WA
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Old 10th Mar 2011, 14:09
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Hello Savoia............!

Victor Frank Reginald here ! And just love the spoof article, loadsa laughs Thank you for taking the time to (mis) quote me in such an erudite manner (I really didn't know all those facts about the Mangusta ) - VFR
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Old 27th Mar 2011, 13:57
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Rotorhead Zishelix kindly posted this image on the Nostalgia thread but, I'm keen to discover Mann's thinking behind the acquisition of this craft as an 'Alo II' seems like an interesting departure from their normal run of 109's and 206's.

Great though to see the 'am' letters (and the Jack) on the nose!

Sav
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Old 27th Mar 2011, 14:21
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AMH bought the Al II exclusively for film work. Aerial Camera Systems - the late Peter Allwork - had recently moved to Fairoaks and it looked like there would be a fair bit of film work coming in.

The Al II was chosen for a number of reasons - large flat floor, large door opening, it could fly as fast sideways as it could forwards - and there were several approved mods for various camera installations in existence.

I spent many a happy day with FILM bodging it up on locations around the place - P2 air switch intermittent so starting the engine with a paper clip, bleeding the oleos before first flight every day, regularly removing the m/r dampers to self-bleed overnight, etc....

One memorable occasion was at Butlers Wharf on the Thames during filming for 'The Professionals' (). One of the m/r dampers had lost most of its oil on the previous 10 minute sortie (it happened from time to time, never worked out where it went - no sign of oil anywhere on the blades, etc). I got someone to get me a syringe or something to nick some oil out of the hyd reservoir as a get-you-home fix. He came back having visited the local chemist shop with an enema pump thing which worked a treat.

All of the above snags were permanently fixed prior to going to Yugoslavia for the film mentioned above, and it ran like a sewing machine. We were often told that it was the smoothest Al II that anyone had ever flown in.

.... (and the Jack) on the nose
I put that on the day before it left Fairoaks by road for Yug.
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Old 27th Mar 2011, 14:37
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Peter Allwork - Good Lord! Now there's a name I've not heard in almost 30 years!

.. it could fly as fast sideways as it could forwards ..
Yes, a common feature of aircraft with a Vne of 60kts!

.. left Fairoaks by road for Yug.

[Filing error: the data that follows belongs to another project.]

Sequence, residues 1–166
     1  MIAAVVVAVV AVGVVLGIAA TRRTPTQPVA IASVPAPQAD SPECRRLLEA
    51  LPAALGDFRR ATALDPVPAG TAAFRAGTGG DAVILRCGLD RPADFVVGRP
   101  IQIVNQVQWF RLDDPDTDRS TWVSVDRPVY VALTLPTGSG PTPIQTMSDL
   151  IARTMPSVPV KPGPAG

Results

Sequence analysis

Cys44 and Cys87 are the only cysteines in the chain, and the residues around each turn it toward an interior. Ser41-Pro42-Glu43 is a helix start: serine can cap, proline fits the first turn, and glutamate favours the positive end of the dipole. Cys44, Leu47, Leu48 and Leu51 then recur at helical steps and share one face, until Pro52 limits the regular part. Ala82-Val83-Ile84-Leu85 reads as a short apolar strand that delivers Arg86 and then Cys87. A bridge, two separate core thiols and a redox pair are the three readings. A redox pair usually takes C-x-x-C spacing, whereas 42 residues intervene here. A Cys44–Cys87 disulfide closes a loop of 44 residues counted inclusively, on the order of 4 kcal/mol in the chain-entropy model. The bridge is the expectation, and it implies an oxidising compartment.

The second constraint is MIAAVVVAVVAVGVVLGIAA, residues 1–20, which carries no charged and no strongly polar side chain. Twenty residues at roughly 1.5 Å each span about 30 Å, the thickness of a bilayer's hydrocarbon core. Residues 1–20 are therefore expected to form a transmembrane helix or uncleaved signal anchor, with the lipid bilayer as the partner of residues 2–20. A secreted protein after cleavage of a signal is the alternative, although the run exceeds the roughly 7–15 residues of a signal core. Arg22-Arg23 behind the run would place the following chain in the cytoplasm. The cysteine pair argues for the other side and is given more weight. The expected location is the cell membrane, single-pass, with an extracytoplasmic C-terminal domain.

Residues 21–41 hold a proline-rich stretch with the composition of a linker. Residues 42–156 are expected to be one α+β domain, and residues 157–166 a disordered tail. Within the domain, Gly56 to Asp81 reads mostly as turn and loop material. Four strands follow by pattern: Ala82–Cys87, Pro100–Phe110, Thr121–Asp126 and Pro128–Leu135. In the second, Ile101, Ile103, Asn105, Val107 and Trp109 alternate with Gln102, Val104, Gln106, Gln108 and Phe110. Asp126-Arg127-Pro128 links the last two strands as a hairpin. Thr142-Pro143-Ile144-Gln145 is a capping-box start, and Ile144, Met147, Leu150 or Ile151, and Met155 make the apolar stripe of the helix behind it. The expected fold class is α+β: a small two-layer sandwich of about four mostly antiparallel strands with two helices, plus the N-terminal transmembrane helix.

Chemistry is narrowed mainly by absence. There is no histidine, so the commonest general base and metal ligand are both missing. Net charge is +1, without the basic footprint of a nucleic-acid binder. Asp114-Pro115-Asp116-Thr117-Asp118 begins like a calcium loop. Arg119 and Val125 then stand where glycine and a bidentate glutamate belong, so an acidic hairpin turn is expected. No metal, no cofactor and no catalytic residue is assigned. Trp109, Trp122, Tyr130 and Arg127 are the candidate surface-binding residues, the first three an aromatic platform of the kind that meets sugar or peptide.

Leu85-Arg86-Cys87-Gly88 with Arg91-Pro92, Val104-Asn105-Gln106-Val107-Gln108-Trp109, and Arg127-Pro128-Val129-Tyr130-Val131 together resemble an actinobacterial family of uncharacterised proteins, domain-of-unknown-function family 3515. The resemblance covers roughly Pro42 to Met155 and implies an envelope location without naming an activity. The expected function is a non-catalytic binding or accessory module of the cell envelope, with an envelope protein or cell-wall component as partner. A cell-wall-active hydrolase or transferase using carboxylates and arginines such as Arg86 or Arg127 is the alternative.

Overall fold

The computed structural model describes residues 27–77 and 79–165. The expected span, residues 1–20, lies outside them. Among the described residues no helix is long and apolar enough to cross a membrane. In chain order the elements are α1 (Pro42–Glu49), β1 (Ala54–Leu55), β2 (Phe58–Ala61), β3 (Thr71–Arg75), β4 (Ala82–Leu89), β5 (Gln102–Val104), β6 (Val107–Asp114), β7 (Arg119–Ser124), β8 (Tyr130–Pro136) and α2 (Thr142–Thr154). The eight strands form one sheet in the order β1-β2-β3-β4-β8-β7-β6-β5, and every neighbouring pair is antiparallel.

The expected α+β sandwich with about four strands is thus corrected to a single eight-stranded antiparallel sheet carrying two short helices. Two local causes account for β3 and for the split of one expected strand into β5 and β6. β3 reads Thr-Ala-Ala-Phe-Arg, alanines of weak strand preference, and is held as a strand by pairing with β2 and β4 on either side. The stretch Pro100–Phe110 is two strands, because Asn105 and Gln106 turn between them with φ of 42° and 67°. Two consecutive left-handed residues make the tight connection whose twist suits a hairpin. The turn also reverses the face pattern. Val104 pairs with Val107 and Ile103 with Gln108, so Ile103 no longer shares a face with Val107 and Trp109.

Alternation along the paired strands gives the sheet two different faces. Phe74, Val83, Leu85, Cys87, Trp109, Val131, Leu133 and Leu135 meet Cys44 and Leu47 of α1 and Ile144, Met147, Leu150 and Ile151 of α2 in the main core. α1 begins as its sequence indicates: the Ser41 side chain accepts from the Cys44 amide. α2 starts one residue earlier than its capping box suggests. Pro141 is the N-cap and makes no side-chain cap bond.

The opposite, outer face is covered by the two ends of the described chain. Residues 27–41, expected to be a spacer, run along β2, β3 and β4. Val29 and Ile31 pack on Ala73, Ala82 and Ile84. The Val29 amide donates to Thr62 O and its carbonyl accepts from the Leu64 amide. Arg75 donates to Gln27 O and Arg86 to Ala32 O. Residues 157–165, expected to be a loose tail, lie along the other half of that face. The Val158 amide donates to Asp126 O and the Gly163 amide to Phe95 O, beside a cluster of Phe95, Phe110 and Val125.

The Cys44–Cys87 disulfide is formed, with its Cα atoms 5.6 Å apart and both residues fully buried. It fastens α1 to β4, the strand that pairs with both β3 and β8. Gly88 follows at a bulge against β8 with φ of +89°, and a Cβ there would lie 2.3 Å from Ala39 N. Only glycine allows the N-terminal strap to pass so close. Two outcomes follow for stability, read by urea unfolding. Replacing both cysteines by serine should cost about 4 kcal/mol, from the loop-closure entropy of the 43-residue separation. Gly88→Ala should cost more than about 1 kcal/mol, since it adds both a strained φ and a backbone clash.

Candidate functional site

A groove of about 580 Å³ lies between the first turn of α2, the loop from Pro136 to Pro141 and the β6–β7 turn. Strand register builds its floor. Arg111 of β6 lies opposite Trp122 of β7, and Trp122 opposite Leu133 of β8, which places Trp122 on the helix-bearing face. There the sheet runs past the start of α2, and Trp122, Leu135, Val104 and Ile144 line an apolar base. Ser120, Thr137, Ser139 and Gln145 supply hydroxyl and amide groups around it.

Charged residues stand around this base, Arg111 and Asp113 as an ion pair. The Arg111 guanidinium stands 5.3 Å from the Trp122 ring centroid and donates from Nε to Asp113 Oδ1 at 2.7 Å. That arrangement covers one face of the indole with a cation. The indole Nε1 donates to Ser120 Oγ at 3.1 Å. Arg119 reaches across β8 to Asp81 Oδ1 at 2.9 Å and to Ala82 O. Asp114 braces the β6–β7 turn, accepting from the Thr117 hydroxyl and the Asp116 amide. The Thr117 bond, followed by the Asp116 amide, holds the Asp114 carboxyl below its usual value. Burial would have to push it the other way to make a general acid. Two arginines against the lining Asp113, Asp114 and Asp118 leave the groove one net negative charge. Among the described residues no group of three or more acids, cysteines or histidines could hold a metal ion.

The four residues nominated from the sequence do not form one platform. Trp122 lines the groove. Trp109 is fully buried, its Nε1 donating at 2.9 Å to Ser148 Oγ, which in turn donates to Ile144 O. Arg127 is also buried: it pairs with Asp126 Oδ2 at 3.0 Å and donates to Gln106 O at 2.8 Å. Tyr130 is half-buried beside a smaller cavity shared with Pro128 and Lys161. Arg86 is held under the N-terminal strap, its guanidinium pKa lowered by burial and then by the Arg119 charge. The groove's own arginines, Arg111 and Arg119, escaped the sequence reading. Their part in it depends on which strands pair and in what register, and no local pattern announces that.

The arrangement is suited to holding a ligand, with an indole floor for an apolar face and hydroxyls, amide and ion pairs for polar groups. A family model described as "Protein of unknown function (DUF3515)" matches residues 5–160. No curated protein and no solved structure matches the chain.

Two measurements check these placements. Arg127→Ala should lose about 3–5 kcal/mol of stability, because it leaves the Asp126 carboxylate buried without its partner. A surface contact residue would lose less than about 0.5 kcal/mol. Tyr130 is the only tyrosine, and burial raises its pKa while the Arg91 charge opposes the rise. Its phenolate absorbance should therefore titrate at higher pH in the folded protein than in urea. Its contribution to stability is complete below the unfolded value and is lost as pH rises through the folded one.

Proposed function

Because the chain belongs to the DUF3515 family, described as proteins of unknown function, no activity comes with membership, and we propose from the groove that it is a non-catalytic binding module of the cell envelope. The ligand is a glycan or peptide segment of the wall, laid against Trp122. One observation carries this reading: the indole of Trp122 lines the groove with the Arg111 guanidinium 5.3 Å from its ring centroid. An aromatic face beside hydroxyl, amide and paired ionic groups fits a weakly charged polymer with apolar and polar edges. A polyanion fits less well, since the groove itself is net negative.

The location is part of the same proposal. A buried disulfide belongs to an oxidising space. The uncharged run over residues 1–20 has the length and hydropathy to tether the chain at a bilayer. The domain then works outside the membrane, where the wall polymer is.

Economic I'm sure but what a shame to miss out on what could have been a decent ferry flight (with the right company of course)!

While on Alo II's and filming. The event which led to the demise of John Crewdson (am not familiar with the a/c reg) was (as far as I recall) attributed to the wrong grease being pumped into the main rotor - was that in fact the case?

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Old 27th Mar 2011, 14:44
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... the wrong grease being pumped into the main rotor
Standing by to be corrected, but I think it was the wrong anti-seize compound/thread lubricant applied to the m/r hub nut threads. I think it reacted with the xmsn oil vapour and attacked the threads causing them to fail.

Economic I'm sure but what a shame to miss out on what could have been a decent ferry flight
It went as a part-load with a load of other stuff for the film.
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Old 27th Mar 2011, 15:41
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Having trawled the list of early UK Alo's was able to identify Crewdson's ship as G-AWAP.

A summary of the accident report reads:

"The report concludes that the accident was caused by the disengagement of the main rotor head retention bolt, with consequent detachment of the rotor, due to corrosion of the engaging threads between it and the mast.

Contributory factors were the application of a different aeronautical grease from the one specified for use during assembly of the rotor head, the presence of a sulphate contaminant from an unknown source, the omission of a main rotor head inspection which had become due 207 hours prior to the accident, low aircraft utilisation which resulted in long periods of time between successive inspections and an extension of the overhaul period of the main rotor mast assembly."